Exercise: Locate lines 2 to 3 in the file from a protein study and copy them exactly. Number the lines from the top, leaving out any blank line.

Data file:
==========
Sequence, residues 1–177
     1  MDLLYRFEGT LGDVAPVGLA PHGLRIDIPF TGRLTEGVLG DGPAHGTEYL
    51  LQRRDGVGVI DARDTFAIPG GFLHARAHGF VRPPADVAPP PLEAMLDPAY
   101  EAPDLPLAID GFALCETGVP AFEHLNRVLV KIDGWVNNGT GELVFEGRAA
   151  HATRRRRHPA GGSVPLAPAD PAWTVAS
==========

     1  MDLLYRFEGT LGDVAPVGLA PHGLRIDIPF TGRLTEGVLG DGPAHGTEYL
    51  LQRRDGVGVI DARDTFAIPG GFLHARAHGF VRPPADVAPP PLEAMLDPAY